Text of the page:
Today, the American political and social landscape seem fractured to a greater extent than at any time in recent memory. Many wonder what can be done to bridge divides, or at least to address the deep societal problems plaguing us. An episode from another moment when American society seemed to be tearing apart — 1968 — reminds us activism can begin on the smallest scale, that focusing on popular media can enable changes that spill over and lead to transformation on a larger scale.
In the middle of 1968, a handful of comic strip fans decided to do something small to change their world. Harriet Glickman, a onetime schoolteacher turned stay-at-home mom, led an unlikely, private campaign to reshape the face of American popular media. Glickman, the daughter of Jewish immigrants and labor organizers, allied with Black neighbors and fellow activists in an effort with one clear goal: to get Charles Schulz to integrate "Peanuts," the most read daily comic strip in the United States.
On Feb. 27, 2021, one of Glickman's allies in this campaign died. Kenneth C. Kelly was a pioneering NASA engineer, a husband and father and a relentless advocate for fair and equal housing in California. But one of his most lasting legacies was his crucial role in Glickman's campaign to break the color barrier in American popular media.
Personally, Schulz fully supported civil rights. In his work, however, the artist worried that writing a Black character might be patronizing or insensitive. How could he, a White, German American man from Minnesota, accurately express the voice of a Black child, he wondered.
Beginning in the spring of 1968, Glickman started writing letters to prominent newspaper cartoonists, including Schulz, whom she had never met. While Glickman had done her best to persuade the artist that an integrated "Peanuts" would be welcomed by both Black and White readers, she thought Kelly, who was Black, would be a more convincing voice.
Kelly wrote to Schulz that he doubted any Black reader would be offended by the White artist introducing a Black character. Yet, Kelly insisted, that even assuming the worst case — that it might offend a few readers — "an accusation of being patronizing would be a small price to pay for the positive results that would accrue." A Black character in "Peanuts" "would suggest racial amity in a casual day-to-day sense," something Kelly saw missing in popular media even in 1968.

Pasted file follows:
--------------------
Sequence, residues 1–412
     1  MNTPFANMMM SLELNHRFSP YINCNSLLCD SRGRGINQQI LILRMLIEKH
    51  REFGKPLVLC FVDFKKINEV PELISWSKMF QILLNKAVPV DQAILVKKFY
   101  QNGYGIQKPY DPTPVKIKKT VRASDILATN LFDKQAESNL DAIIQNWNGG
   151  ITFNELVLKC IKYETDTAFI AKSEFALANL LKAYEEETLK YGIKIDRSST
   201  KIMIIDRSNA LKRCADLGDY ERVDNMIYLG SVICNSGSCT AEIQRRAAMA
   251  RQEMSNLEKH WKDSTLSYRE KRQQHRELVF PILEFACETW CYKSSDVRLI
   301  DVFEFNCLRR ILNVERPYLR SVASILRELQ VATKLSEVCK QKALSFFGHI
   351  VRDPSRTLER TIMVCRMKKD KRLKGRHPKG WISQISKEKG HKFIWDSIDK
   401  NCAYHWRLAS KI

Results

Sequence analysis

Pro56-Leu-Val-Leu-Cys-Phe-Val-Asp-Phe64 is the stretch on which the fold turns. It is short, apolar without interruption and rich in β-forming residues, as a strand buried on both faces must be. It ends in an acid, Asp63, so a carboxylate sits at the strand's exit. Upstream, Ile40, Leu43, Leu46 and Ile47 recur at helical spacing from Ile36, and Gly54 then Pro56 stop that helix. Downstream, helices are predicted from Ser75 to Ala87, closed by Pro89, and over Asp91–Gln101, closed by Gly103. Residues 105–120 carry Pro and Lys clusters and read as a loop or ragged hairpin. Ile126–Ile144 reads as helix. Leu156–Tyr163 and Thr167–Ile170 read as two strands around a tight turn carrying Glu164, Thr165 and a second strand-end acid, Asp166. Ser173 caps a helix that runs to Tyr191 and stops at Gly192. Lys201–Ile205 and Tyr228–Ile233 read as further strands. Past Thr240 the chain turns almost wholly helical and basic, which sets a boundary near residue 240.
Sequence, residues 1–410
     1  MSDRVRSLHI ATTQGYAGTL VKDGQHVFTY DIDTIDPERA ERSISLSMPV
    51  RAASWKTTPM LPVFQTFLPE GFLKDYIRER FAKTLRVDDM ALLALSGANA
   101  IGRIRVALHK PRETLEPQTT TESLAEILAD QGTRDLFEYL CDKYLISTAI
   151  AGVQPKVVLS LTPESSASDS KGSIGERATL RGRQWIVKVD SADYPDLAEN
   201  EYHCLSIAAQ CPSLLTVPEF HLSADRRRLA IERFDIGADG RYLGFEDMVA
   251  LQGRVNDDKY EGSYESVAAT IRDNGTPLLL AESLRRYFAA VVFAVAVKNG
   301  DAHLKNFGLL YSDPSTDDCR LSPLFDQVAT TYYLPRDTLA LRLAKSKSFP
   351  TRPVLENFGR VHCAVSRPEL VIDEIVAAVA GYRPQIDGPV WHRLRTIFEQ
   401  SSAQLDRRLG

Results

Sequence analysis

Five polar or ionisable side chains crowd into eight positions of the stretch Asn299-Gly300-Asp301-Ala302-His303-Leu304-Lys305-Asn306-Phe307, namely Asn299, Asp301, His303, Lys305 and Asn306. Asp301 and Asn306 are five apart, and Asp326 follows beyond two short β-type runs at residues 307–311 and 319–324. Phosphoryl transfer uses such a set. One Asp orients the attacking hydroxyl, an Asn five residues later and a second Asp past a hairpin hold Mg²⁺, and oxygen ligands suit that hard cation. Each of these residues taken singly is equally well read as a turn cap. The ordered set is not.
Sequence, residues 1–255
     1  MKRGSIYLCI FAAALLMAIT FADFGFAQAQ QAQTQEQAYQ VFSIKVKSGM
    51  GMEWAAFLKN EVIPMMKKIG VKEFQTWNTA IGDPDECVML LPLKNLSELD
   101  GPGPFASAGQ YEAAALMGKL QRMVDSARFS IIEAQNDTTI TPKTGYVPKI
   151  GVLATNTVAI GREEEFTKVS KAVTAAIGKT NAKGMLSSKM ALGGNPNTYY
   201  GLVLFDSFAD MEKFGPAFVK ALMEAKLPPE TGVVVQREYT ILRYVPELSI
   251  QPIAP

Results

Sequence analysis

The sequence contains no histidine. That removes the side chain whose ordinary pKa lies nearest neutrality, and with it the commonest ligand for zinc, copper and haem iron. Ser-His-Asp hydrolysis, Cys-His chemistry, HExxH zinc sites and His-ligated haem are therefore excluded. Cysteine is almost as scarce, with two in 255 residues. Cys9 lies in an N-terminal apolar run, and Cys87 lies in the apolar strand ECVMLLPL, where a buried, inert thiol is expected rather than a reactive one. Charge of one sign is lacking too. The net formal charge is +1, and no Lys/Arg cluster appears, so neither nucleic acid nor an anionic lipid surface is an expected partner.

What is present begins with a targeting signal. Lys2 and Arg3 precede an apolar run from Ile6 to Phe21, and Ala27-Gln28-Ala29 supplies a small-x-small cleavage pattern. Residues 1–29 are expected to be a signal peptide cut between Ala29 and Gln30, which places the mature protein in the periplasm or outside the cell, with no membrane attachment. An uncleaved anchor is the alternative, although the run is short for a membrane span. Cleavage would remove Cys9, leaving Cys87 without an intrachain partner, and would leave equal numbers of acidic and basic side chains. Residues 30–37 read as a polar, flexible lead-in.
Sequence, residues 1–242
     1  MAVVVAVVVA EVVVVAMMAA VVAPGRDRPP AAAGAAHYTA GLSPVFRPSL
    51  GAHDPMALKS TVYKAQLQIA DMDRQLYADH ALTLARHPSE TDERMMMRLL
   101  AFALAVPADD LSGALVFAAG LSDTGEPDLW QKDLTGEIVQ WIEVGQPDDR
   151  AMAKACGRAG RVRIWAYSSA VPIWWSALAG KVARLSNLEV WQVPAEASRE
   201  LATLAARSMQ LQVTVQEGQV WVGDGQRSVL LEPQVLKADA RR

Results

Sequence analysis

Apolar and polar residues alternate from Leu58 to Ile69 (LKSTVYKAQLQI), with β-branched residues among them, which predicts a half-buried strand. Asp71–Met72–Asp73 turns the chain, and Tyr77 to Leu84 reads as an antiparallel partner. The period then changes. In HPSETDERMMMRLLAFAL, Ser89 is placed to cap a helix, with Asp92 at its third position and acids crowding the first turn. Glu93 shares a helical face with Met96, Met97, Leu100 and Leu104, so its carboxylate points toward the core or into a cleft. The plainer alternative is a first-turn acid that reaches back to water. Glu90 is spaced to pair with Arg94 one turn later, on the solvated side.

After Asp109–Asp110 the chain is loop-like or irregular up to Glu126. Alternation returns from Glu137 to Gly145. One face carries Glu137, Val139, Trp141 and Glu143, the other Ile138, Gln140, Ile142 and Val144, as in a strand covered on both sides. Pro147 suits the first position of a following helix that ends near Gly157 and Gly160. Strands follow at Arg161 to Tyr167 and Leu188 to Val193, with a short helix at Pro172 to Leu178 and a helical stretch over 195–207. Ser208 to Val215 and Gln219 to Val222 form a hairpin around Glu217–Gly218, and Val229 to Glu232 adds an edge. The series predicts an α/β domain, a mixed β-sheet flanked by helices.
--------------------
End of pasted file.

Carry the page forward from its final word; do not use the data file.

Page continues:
Kelly recognized that many of the leading postwar popular media producers shared Schulz's apprehensions. At mid-century, American media often pursued a mass audience, which meant minimizing controversy and potentially offensive material to maximize viewership or readership. While there had long been Black characters in art, film and even radio, those representations typically drew heavily on racist minstrel types that confirmed the stereotypes of a predominantly White audience.
There were exceptions, of course, notably some of the progressive stories of New York publisher EC Comics. Yet, as civil rights protest expanded in the 1950s, reflexively conservative mass media entities came to fear racial representation as potentially creating unnecessary controversy. Edgier producers, like EC Comics, lost market share and ultimately went out of business. Across American media, creators retreated from depicting Black characters at all for fear of stirring negative attention. Outside of some limited examples in television, Black characters vanished from any meaningful role in American popular media.
This was certainly a case in which exceptions proved the rule. In 1966, Bill Cosby earned the first Emmy award for a Black actor for his co-starring role in the television series "I Spy." Yet Cosby portrayed a highly educated and upwardly mobile character with no sense of racial consciousness. Similarly, Nichelle Nichols's portrayal of Black communications officer Uhura on "Star Trek" was literally the stuff of science fiction. On other popular television programs of the era, such as "Lassie" and "Bewitched," the all-White casts existed in worlds apparently without any Black people at all.